University of Arizona production partners: Desert Laboratory on Tumamoc Hill, Arizona Public Media, Center for Climate Adaptation Science and Solutions, Southwest Climate Adaptation Science Center
In June and July 2020, Tucsonans watched as a lightning-caused fire swept across the Santa Catalina Mountains, a rolling inferno that engulfed most of the range. By July 23—the official containment date—the Bighorn Fire had burned 119,978 acres, from upland desert along the Front Range to the pine forests at 8,500 feet. The Arizona Institutes for Resilience (AIR) three-part webinar “Fire on the Mountain” in August 2020 looked at the fire in depth to help us better understand what transpired.
A year later, we are starting to find answers to some of the most critical questions of 2020, as well as to look to the future: What was the role of invasive plant species in the behaviour of the fire, especially at the wildland-urban interface? What studies are being undertaken to understand the changing role of fire in increasingly vulnerable landscapes? Climate change is our new reality, what are the short- and long-term trends for weather extremes and their effects on species not just in the Southwest but on a continental scale? What are the key governance and policy issues from the local to the national level?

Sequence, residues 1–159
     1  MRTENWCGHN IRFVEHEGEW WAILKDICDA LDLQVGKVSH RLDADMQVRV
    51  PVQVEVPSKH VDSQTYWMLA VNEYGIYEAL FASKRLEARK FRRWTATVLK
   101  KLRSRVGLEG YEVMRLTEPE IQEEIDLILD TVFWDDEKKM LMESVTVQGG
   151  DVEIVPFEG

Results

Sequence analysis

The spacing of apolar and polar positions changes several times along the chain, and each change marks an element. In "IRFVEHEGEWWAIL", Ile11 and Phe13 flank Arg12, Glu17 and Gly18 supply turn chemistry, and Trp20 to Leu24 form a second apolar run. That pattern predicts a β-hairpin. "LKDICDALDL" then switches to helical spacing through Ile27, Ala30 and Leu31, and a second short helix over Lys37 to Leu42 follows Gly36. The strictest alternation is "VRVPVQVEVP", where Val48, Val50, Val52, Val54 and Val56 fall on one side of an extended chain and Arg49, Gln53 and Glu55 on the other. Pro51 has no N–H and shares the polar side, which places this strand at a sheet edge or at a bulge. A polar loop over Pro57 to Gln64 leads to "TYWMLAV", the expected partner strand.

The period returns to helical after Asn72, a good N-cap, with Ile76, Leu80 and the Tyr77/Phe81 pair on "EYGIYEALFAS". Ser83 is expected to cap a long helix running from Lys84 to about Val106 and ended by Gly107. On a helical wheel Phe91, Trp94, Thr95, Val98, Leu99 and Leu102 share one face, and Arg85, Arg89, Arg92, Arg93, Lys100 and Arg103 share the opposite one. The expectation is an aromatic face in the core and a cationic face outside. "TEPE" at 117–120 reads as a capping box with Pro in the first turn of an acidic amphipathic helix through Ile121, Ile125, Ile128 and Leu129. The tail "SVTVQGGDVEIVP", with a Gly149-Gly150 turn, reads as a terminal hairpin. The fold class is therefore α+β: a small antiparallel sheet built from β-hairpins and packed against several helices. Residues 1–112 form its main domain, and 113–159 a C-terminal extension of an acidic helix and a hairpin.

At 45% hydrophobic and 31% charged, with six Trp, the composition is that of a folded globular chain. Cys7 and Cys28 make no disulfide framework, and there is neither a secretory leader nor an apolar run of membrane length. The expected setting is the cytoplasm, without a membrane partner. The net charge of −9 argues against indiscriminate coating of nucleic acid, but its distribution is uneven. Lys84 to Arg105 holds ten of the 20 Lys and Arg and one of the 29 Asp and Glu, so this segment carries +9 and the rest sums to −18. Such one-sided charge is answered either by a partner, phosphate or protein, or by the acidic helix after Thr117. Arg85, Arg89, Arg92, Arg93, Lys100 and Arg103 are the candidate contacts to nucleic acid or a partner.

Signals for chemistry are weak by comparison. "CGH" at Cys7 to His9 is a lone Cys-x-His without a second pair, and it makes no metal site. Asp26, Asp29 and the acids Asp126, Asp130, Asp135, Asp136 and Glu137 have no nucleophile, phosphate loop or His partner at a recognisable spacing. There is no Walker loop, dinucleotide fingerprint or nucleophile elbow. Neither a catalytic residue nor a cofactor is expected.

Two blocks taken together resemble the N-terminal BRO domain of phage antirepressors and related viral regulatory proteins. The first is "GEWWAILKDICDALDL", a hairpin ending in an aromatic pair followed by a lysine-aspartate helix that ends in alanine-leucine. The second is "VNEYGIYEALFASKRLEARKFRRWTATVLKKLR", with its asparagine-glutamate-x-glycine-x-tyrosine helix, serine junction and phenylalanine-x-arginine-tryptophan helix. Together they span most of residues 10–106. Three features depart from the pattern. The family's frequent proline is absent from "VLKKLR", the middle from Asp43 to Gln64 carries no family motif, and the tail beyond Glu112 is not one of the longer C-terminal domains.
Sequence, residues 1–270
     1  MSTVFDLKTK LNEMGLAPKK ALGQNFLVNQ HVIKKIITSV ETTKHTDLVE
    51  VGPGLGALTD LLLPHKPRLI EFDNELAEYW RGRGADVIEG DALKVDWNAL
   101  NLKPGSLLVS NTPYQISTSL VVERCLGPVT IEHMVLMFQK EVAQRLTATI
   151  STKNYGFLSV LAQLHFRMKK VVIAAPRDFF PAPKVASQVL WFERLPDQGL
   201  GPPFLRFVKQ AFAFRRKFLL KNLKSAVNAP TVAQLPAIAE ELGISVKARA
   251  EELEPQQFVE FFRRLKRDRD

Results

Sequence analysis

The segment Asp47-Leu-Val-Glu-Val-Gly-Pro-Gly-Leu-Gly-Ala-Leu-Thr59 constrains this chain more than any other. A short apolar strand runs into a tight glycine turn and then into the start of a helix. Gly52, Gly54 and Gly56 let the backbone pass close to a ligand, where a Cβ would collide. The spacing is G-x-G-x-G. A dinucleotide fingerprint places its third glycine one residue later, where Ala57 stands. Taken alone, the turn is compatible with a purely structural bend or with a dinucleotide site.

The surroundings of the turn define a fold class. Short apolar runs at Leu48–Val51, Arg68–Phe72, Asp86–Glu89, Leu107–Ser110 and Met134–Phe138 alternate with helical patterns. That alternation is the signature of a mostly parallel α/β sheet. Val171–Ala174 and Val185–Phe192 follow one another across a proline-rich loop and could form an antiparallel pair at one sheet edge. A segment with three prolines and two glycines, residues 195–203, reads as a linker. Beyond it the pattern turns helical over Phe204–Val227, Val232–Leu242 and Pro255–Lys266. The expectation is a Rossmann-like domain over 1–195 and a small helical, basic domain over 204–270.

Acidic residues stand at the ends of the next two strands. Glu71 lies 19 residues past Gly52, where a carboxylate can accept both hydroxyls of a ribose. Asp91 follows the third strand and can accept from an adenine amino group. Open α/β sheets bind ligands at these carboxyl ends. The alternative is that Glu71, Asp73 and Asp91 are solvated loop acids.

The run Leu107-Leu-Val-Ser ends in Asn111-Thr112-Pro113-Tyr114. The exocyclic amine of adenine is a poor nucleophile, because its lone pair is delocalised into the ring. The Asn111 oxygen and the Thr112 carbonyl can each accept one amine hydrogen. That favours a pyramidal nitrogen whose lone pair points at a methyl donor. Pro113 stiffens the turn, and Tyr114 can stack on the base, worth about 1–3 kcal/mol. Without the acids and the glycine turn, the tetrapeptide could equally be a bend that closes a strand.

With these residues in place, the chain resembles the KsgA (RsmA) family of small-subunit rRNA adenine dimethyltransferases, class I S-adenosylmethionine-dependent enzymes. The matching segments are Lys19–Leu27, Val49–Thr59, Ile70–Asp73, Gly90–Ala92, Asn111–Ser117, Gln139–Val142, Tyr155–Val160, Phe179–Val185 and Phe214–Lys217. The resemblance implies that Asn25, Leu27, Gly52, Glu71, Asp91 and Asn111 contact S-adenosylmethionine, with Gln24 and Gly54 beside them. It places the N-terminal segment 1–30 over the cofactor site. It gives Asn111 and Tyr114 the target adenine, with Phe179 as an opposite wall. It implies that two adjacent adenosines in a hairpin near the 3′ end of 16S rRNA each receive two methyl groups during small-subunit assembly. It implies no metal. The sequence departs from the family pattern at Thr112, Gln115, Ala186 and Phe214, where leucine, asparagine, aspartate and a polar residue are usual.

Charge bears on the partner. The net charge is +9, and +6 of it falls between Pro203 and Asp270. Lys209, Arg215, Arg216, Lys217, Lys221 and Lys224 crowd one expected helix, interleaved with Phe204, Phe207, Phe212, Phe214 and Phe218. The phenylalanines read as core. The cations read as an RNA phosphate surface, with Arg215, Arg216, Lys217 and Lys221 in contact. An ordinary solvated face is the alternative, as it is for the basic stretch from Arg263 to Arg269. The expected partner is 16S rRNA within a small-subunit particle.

This free public webinar by AIR and the University of Arizona brings the expertise of our community to address the evolving and expanding role of fire in the west. Please join us to better understand not only the fire itself but the complex interactions between climate change, invasive species, management practices, policy, and economics that are shaping our future.